Ham Radio Deluxe vs fldigi

I’ve recently re-established my station here in Kansas. The majority of all the components of my station I was using previously in Korea: Elecraft K3 rig, a Dell Zino PC, using the MicroHam USB III as an interface between the radio and computer. The Dell Zino PC is configured for dual-boot: Windows 7 and Ubuntu. Last year I spent a good deal of time configuring fldigi, under Ubuntu, to fulfill the majority of my amateur radio automation requirements (rig control, logging, digital modes). After a bit of trial and error, I had fldigi working quite well.

Once I was back here in Kansas, I had a problem configuring the K3 – CW, as a mode, wasn’t working. Figuring I had messed up a setting, I reset the K3… which ended up not being the smartest move. Up to this point, I had never updated the K3′s firmware or backed up the settings. I (incorrectly) believed that Elecraft’s configuration software was for Windows only. An email to Elecraft generated a quick response with a copy of the software configuration file for my specific rig.

Weeks past as I avoided getting the hamshack into proper order. The hamshack became the default location for stashing half unpacked boxes. Once I finally made serious progress in sorting through and organizing everything, I was able to get to the K3 and PC. I booted up Windows 7, connected the PC to the K3, updated the firmware, and reloaded the original factory software settings. Things were looking up.

I decided to see if Ham Radio Deluxe under Windows 7 was easier to use than fldigi. I updated Ham Radio Deluxe to the current version and then attempted to get the MicroHam USB III to work. Frankly it was a pretty kludgey process. An additional program had to be installed to create a virtual com port in order to allow the MicroHam USB III to work. Configuring the soundcard, resident in the USB III, was also not very successful. Then I tried Ham Radio Deluxe, which had been my software of choice a little over a year ago. Bottom line, I was not pleased with Ham Radio Deluxe and decided to switch back to fldigi.

Booting into Ubuntu, fldigi worked from the get go…. rig control, log, and digital modes. For now, I’ll be sticking with Ubuntu and fldigi.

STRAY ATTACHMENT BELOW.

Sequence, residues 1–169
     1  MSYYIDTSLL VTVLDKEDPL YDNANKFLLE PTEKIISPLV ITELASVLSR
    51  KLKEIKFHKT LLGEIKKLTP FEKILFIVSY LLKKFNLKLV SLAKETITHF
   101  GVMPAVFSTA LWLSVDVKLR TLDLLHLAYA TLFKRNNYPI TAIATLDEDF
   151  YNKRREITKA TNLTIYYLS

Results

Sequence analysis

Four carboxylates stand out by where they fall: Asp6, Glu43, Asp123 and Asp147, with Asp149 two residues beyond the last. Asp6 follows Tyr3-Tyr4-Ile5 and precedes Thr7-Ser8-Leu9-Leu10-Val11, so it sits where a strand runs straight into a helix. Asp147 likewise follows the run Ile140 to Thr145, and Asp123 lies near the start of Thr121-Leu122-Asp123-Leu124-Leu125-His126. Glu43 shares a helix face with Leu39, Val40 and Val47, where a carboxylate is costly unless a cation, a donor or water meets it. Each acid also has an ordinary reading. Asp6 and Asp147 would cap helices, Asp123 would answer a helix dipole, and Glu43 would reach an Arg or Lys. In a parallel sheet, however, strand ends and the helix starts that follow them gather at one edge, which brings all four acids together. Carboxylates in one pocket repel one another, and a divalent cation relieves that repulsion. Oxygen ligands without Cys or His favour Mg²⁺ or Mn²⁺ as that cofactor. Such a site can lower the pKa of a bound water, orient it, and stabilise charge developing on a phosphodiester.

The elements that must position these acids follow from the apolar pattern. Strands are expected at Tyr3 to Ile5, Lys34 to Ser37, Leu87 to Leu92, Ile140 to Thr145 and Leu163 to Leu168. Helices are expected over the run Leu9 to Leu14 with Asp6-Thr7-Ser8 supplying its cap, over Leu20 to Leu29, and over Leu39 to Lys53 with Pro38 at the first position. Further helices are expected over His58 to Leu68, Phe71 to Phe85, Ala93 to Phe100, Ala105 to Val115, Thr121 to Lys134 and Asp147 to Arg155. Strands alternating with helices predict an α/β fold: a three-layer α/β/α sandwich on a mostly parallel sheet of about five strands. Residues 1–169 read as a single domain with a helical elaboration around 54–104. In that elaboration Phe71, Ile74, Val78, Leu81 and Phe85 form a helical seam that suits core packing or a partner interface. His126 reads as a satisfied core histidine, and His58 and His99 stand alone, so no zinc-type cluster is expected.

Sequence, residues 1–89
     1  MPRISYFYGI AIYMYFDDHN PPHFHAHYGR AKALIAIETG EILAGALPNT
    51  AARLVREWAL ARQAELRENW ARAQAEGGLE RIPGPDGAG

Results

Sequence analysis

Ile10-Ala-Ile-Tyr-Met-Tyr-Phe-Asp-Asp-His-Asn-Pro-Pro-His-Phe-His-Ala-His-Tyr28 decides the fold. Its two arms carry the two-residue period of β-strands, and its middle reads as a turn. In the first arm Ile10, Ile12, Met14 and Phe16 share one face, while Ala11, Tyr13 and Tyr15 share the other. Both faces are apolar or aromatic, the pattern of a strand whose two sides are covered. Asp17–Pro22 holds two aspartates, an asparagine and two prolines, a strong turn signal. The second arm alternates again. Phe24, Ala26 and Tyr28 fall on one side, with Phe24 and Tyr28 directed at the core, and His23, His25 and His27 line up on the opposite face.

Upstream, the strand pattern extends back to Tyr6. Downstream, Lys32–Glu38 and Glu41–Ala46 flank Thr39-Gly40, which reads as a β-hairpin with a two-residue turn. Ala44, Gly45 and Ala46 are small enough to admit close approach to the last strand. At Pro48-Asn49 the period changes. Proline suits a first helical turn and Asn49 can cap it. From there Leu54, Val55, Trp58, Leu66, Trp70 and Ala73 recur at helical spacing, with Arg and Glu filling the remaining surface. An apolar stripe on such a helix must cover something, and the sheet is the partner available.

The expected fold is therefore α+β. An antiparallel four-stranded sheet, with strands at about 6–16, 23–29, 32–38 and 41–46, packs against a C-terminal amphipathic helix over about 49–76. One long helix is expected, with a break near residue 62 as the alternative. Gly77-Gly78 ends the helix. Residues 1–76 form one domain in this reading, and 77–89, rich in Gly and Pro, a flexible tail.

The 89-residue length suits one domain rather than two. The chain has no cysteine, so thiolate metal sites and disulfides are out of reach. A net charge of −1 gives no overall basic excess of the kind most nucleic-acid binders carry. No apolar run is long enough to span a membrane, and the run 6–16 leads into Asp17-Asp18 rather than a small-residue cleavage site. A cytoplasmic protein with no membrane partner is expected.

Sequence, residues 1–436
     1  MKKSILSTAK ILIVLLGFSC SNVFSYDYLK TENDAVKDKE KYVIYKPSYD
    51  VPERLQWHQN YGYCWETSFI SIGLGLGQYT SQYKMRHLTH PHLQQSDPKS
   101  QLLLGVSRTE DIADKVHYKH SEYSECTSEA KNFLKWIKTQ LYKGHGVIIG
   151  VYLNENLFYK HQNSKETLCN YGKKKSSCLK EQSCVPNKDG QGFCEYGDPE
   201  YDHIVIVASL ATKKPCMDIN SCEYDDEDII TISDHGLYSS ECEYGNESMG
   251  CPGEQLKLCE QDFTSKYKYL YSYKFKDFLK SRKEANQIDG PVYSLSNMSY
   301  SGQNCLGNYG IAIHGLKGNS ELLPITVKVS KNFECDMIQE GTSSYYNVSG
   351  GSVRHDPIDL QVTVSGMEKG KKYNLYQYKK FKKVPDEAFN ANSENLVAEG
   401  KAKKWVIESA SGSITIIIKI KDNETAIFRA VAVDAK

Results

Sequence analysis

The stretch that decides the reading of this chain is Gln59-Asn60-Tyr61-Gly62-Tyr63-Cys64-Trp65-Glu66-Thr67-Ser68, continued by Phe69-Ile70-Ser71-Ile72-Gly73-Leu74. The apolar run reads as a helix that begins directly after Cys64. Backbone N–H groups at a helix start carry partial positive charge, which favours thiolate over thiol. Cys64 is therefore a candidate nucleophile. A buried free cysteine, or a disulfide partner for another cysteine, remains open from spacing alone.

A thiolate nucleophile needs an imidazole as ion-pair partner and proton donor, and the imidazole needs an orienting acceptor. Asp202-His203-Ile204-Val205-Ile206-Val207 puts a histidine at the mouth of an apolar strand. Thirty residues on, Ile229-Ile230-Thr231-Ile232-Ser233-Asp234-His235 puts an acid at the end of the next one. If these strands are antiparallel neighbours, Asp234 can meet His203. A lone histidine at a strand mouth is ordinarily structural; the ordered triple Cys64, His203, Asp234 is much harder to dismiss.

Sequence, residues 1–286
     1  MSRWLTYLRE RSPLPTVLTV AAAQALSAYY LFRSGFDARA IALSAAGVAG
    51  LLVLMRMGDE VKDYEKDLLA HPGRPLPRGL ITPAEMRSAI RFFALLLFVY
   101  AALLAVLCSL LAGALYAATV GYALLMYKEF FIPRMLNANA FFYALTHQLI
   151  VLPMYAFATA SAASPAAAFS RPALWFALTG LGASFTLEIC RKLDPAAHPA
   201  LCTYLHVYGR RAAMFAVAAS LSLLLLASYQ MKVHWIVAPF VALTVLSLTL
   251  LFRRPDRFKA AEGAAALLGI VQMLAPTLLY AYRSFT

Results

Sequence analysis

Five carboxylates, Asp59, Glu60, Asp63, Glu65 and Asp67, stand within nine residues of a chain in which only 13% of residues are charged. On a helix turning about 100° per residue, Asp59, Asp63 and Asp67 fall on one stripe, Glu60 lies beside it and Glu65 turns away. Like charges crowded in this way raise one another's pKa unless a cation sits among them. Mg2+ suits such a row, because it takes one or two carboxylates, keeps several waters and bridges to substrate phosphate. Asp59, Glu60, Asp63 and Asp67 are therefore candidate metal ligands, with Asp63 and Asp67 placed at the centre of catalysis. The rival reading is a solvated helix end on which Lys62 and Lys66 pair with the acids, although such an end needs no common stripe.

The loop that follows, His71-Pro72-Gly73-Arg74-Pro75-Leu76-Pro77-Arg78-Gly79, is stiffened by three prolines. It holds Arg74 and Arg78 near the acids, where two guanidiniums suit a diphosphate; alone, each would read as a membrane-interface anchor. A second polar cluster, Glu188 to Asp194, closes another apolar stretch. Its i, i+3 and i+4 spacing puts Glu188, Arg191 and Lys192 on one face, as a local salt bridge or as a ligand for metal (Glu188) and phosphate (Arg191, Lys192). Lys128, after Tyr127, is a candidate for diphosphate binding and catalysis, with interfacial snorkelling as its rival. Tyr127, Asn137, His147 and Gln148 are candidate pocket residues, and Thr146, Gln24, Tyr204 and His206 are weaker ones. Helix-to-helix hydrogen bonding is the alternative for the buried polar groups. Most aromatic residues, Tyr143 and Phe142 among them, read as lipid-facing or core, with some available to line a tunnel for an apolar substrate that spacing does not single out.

NOTE: Here is a list of settings that I use:

Fldigi config:
Rig control
- RigCAT
- /dev/tty/USB0
- Baud rate: 38400
- Toggle DTR for PTT

Ubuntu Sound Preferences
- Hardware: USB Audio CODEC, Analog Stereo Duplex
- Input: Internal Audio Analog Stereo [this confuses me, because I would expect the input would be associated with the USB Audio device (aka the Microham)
- Output: USB Audio CODEC Analog Stereo
- Application: No application


  1. Elwood Downey, WB0OEW says:

    Hi Scott, enjoy your blog. You mention dual boot — have you considered using VirtualBox? It’s a free program from Sun (er, Oracle) that allows you to run one or more additional operating systems /at the same time/, including sharing the screen, files, copy/paste, network, USB etc etc. The basic idea is one OS, such as Windows, is the “host” and then you add “guest” systems like Ubuntu. At home I run Mac host with Windows 2000 and Ubuntu as guests. At work, I have Windows host with Ubuntu guest. This way I can run apps native to each respective OS any time without the ether/or of dual boot. Just realize that the guest systems must be installed from scratch, they are not being emulated, they think they have the real hardware, right down to a virtual BIOS, so you’ll need a full distro for each guest OS you want to run. Once you get it all up and running, it’s a whole lot nicer than either/or of dual boot. 73, Elwood, WB0OEW.

  2. AD7MI says:

    Thanks for the recommendation Elwood – I’ve heard of VirtualBox but have never used it. My only real need for Windows is to run iTunes. But I can see the benefits of having the ability to use both… the dual boot can occupy quite a bit of time switching between OSs. I will definitely check out VirtualBox.